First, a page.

Land narrative inspires Setlamorago Mashilo's first solo exhibition in SA
In 'The Land Will Decide', artist Setlamorago Mashilo explores the sub-narratives around land, including our obsession with it and the plight of black people, in 25 works
At the foot of Constitution Hill, a space that represents our painful past as well as post-'94 attempts at redress, stands one of Joburg's countless gorgeous old apartment buildings past their prime.
In an apartment-turned-studio on the ground floor, Setlamorago Mashilo is preparing for his first solo exhibition in his own country. He's taping one of his charcoal drawings to the wall for our photographer to snap. Even though this is his studio, there isn't much of his work on display, bar a few framed works and some sculptures. But it's a studio, not a gallery.
Other artists do feature: painted on the front of a desk is a bright blue work by Isaac Zavale, and on one wall sits a work by Michael Selekane, the young artist whose township and train scenes whisper in the language of David Koloane and Gerard Sekoto.
Mashilo's studio has lots of light and could easily be the flat of a cool and cultured young cat with slight hoarder tendencies. There are vinyls (BLK JKS, 340ml), books (Charles van Onselen, Bloke Modisane), Polaroids (UK rapper Skepta, influencer Twiggy Moli), a dartboard, shelves of encyclopaedias ... This might sound chaotic, but it's actually an organised, neat space.
Stuck onto the several pot plants (some in better condition than others) littered around the studio's central space are instructions: "3 times a week". "Monday once a week".
Is this a reminder of when to water them? He nods. "Is it for you or your assistants?" "My assistants," he chuckles. "I'm hardly in the studio. I can't work during the day because my head is constantly buzzing." From what? "Work. Ideas. I'm constantly on to the next thing in my head."
That "next thing" right now is The Land Will Decide, his exhibition opening at Everard Read Gallery in Joburg next month, "a culmination of all these years of the different bodies of work I've done". It features 25 works: drawings, paintings and sculptures.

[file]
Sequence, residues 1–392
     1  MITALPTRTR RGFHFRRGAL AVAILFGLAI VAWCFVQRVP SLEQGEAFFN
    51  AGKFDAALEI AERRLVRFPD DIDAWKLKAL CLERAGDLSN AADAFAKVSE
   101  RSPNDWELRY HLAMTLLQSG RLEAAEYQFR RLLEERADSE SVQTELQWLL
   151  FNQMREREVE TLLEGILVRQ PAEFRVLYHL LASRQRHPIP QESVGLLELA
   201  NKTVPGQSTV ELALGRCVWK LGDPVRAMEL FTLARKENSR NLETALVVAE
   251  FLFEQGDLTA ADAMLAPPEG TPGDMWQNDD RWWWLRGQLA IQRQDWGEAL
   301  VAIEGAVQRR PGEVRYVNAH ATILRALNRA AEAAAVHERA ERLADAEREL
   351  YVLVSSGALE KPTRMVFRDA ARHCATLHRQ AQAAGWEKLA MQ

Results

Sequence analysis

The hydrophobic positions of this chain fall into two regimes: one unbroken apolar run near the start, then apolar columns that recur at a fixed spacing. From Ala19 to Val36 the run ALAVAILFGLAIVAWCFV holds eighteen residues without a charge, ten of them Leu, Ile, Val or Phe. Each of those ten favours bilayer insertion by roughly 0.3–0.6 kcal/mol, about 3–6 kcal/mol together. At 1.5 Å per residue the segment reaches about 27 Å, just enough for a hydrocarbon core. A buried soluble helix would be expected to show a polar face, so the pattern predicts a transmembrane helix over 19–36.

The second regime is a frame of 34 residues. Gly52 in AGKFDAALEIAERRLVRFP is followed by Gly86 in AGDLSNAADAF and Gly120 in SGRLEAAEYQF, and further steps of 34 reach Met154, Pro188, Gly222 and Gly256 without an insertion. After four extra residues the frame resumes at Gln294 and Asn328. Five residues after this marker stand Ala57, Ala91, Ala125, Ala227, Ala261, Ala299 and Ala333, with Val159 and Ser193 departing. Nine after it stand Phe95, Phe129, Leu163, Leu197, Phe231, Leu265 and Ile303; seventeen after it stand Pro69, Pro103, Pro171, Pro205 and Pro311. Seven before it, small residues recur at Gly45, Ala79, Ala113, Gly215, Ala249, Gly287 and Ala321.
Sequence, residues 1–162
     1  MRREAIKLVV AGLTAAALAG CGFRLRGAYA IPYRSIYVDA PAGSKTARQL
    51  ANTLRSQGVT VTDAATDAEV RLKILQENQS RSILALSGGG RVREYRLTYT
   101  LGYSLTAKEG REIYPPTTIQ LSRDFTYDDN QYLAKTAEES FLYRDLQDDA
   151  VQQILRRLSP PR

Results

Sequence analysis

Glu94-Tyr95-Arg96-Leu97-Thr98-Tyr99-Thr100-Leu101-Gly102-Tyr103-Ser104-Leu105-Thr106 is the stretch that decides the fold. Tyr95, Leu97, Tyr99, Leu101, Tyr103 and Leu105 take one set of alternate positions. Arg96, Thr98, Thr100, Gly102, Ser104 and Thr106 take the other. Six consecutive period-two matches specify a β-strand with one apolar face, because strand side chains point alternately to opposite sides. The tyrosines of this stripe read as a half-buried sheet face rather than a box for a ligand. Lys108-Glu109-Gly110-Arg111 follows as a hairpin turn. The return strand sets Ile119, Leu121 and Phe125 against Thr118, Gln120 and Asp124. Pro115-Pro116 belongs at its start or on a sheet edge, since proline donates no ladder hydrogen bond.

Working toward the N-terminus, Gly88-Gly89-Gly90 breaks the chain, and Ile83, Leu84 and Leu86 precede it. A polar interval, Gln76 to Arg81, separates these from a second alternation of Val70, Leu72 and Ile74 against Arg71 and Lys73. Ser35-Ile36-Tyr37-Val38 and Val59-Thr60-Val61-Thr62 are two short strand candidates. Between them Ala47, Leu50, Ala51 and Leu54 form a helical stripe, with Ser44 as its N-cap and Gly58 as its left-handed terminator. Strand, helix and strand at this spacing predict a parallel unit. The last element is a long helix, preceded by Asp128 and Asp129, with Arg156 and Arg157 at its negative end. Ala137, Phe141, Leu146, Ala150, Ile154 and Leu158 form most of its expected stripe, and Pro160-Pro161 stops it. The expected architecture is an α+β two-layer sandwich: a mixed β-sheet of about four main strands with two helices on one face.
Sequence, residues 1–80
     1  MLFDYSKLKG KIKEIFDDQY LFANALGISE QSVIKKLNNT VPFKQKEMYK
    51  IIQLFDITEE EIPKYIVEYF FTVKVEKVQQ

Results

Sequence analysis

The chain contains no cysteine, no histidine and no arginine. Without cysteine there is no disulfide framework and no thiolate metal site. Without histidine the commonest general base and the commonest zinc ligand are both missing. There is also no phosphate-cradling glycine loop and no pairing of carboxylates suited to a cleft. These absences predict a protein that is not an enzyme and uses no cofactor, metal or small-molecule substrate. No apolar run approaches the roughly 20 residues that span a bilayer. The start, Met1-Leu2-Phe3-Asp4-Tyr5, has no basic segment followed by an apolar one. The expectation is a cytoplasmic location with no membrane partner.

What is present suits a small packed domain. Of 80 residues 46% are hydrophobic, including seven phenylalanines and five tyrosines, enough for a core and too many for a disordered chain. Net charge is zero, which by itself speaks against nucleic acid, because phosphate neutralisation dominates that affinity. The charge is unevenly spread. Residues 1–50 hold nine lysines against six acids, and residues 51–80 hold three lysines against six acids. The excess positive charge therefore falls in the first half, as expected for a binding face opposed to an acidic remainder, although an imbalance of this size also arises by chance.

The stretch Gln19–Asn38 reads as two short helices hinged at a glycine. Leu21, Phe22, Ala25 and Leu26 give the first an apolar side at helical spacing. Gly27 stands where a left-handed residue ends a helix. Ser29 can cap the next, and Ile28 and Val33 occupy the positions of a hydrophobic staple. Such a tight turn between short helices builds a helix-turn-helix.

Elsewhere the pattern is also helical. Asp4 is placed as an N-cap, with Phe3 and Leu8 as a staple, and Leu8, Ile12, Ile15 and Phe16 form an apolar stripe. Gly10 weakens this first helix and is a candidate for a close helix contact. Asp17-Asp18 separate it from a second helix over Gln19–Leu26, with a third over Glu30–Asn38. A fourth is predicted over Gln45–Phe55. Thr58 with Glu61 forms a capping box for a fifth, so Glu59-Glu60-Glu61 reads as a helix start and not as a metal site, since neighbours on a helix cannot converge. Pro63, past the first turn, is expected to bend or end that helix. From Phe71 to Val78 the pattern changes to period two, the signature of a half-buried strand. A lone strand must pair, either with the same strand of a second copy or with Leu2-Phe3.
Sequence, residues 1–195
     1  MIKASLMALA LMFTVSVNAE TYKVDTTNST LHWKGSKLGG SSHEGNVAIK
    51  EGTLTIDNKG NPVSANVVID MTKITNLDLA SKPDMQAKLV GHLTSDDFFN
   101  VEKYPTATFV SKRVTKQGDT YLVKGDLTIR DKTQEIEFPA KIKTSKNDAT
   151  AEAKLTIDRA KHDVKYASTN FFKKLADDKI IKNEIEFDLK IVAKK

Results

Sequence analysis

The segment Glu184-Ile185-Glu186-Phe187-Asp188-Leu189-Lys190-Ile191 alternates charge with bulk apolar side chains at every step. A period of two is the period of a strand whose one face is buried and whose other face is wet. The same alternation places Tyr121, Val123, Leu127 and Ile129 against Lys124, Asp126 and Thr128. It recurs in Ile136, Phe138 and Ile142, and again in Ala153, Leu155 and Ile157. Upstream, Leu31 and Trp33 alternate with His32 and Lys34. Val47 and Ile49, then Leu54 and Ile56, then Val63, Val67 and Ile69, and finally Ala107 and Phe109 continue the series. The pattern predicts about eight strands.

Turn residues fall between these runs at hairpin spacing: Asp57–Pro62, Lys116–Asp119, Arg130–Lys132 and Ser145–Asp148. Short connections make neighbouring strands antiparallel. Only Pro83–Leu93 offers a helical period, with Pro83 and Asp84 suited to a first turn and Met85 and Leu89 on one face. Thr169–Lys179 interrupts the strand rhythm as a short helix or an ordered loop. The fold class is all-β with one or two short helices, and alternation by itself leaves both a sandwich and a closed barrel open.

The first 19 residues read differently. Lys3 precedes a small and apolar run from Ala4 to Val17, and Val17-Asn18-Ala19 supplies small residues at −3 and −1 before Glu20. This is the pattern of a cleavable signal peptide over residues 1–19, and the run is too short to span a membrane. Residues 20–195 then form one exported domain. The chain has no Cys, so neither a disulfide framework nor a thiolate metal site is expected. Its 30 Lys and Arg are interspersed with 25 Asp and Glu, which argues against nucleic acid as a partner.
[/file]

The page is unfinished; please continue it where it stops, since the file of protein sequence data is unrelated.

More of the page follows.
While land is a dominant topic in South Africa's conversations right now, it's something that has featured - in different forms - in Mashilo's work for years. Having exhibited in countries including the Netherlands (his first solo show, in 2015), China and Germany, and being an award-winner (he won the Facebook Fan's Choice at the 2013 PPC Young Concrete Sculptor Awards and the Turbine Art Fair and Sylt Emerging Artist award in 2014) - why has it taken so long for him to get a solo show locally?
Do I go out there and create hundreds and hundreds of works, or do I really do monumental pieces that I feel are necessary and find stature without creating work for work's sake?Setlamorago Mashilo on building a career as an artist
"Because it was difficult!" he exclaims, laughing. He has a big smile that busts out once in a while from behind his reserved exterior. There's a quiet confidence about him - he gives considered answers to any questions you ask him. "The vision to try and be an artist and take this seriously is only happening in these past five years."
Despite having an art and design background (he majored in sculpture), he previously didn't "have the conviction" to follow art as a career.
"I'm in my late 20s and my peers have been artists for years ... I'm thinking, 'How do I catapult myself to their level in a very short time? Do I go out there and create hundreds and hundreds of works, or do I really do monumental pieces that I feel are necessary and find stature without creating work for work's sake?"
He's chosen the latter path.
Mashilo's works at the Turbine Art Fair in 2013 focused on the centenary of the Native Land Act being passed. He made Mabu a u Tswitswe, a sculpture installation featuring 500 concrete maize cobs painted black. Although the subject matter was political, it was also personal.
It was an ode to Mashilo's childhood, growing up on a farm with his grandparents in Ga-Molepane in Jane Furse, Limpopo. The maize reminded him of his grandmother (he would help her grind mealies), while the concrete was a reference to his grandfather, who used to cast tombstones in concrete.